Time to help foster youth in California
September 29, 2010
In these tumultuous economic and political times, marked by great social angst, financial deficits, extreme partisanship and little to say “hurrah” about; a wisp of refreshing news flowed from the halls of our state legislature this week. Assembly Bill 12 (AB 12) was passed and sent to the Governor for his signature. Typical of most legislation, the public is probably clueless about this bill – but this is one we can all be proud of. AB 12 will provide resources and assistance to foster youth who have no permanent family to help them transition to independence while not adding any additional cost to Californians. This is a hurrah!
By way of history, about 5,000 foster youth age out of the foster care system each year in California. Unfortunately, it is well documented that these youth have a horrible experience transitioning into adulthood. Seriously, how many of you at age 18 were ready to fully embrace adulthood without any family, support or a safety net? Needless to say, it is no surprise that foster youth have much lower educational achievement and are highly likely to experience homelessness, unemployment, mental illness, unplanned pregnancies, involvement with the legal system, and continue to consume public resources. AB 12 will help dramatically improve these outcomes.
In 2008, the US Congress passed the Fostering Connections to Success and Increasing Adoptions Act (Federal Public Law 110-351) which provided California the opportunity to access federal funding to serve foster youth up to age 21. AB 12 is California’s implementation of this federal legislation which is Acost neutral@ to the state, allowing the expansion of services to foster youth ages 18-21, offset by increased federal support. And there is even more good news! National research conducted last year by two major universities, substantiated that every dollar expended on former foster youth ages 18-21 will produce a $2.41 return to the public coffers. Instead of being public resource consumers, these former foster youth become public resource contributors!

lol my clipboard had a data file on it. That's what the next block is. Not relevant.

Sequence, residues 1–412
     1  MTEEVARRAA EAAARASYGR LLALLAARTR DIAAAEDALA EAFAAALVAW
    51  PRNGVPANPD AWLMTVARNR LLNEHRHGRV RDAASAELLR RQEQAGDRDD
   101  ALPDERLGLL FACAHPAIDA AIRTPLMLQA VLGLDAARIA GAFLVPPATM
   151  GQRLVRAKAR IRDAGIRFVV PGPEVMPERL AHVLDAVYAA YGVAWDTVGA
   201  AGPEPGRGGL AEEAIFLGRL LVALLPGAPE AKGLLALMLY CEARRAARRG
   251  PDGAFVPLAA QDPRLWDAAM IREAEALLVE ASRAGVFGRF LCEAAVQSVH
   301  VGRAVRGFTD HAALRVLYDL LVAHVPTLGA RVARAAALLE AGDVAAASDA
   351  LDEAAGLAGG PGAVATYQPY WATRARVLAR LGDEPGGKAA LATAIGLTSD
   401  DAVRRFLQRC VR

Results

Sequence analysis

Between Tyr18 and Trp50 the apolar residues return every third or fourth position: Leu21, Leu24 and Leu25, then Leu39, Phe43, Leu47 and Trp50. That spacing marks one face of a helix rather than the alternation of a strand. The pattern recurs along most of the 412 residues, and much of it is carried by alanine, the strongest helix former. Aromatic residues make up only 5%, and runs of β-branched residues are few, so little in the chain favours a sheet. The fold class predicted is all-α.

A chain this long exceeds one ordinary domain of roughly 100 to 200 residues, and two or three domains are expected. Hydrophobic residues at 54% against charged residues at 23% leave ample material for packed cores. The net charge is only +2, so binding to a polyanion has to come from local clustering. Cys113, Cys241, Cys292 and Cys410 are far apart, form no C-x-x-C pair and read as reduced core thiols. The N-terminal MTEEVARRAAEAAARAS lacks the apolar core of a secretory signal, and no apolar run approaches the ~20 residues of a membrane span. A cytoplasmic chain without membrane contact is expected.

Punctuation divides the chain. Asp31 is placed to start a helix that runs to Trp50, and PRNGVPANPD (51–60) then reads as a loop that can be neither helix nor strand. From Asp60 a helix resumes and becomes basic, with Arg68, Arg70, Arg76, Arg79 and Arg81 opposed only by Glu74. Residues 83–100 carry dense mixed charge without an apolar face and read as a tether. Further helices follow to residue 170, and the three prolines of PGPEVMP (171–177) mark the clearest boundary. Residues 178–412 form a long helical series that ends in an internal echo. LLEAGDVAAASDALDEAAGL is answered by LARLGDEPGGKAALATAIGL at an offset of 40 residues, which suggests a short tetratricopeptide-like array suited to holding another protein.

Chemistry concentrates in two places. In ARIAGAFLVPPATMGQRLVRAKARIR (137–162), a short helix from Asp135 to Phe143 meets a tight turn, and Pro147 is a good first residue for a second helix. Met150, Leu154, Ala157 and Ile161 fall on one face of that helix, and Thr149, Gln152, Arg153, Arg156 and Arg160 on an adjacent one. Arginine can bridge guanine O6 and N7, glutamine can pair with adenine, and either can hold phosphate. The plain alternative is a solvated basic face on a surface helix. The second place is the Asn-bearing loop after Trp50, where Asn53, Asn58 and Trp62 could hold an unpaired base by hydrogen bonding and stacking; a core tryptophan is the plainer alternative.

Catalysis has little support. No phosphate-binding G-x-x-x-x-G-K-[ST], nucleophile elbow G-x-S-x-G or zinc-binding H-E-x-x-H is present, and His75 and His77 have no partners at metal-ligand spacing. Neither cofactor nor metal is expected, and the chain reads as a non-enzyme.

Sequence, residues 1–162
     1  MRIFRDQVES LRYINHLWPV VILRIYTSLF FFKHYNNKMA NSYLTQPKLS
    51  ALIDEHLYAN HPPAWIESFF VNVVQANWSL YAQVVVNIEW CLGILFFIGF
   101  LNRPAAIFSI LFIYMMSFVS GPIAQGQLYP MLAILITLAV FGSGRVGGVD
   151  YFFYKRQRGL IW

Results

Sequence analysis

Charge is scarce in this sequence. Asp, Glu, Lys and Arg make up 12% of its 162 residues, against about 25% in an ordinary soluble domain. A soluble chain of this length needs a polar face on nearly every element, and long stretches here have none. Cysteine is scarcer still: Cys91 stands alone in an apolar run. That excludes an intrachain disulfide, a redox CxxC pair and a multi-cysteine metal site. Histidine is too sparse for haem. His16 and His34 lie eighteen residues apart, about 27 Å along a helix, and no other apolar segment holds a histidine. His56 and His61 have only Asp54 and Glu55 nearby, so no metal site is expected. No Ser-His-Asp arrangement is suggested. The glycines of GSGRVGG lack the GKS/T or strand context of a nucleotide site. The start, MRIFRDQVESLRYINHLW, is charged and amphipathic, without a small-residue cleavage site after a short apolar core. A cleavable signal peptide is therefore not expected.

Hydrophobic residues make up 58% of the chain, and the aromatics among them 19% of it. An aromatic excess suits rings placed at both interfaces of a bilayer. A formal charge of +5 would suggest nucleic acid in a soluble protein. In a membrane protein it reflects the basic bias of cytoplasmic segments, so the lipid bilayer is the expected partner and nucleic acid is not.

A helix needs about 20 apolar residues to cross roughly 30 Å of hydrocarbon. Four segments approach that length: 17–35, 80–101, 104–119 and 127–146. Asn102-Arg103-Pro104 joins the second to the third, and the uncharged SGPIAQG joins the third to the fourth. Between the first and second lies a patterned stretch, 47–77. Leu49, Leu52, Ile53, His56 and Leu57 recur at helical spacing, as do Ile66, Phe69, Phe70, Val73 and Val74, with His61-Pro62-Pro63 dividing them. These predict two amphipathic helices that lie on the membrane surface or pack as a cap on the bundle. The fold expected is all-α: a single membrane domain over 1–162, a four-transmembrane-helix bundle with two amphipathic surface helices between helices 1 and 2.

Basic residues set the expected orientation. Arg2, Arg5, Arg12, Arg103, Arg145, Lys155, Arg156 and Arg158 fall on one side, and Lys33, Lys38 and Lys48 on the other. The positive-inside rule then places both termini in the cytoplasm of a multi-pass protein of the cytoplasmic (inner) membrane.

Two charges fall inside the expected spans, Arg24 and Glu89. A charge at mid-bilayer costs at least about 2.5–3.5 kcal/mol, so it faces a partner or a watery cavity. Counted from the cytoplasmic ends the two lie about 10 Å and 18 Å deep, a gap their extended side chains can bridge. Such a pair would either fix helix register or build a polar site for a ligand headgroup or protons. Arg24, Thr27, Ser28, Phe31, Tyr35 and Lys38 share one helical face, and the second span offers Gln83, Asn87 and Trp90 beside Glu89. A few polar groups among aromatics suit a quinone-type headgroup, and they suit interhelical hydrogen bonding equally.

The passage of AB 12 was no small feat. This legislation took over two years and required several last-minute amendments to appease the Department of Finance. Sam Blakeslee, in his new role as State Senator, courageously broke ranks with his caucus and voted for AB 12. The bill passed in the Senate 26-8, and in the Assembly 73-2; demonstrating the bill’s excellent bipartisan support. But, there is still work to be done in order to make AB 12 public Law.
We began this year faced with the Governor’s draconian proposal to dismantle services to former foster youth. Fortunately, there was an extraordinary chorus of opposition which effectively silenced that idea. Now, the Governor has the opportunity to make historical improvements in the lives of California’s foster youth by signing this landmark legislation. In deference to Governor Schwarzenegger, he has been a supporter of important foster care legislation and has routinely verbalized his concern for foster youth throughout his tenure in office. Supporting AB 12 is yet another opportunity for him to turn words into action.
California’s foster youth desire the opportunity to make a successful entry into adulthood just as much as any other young adults. Let’s help them! Please take the time to ask Governor Schwarzenegger to sign AB 12. You can contact Governor Schwarzenegger via mail at: State Capitol Building, Sacramento, CA 95814; via telephone at: (916) 445 2841; via FAX at: (916) 558-3160; or via email using the link on his website.
Jim Roberts is the founder and executive director of the Family Care Network in San Luis Obispo.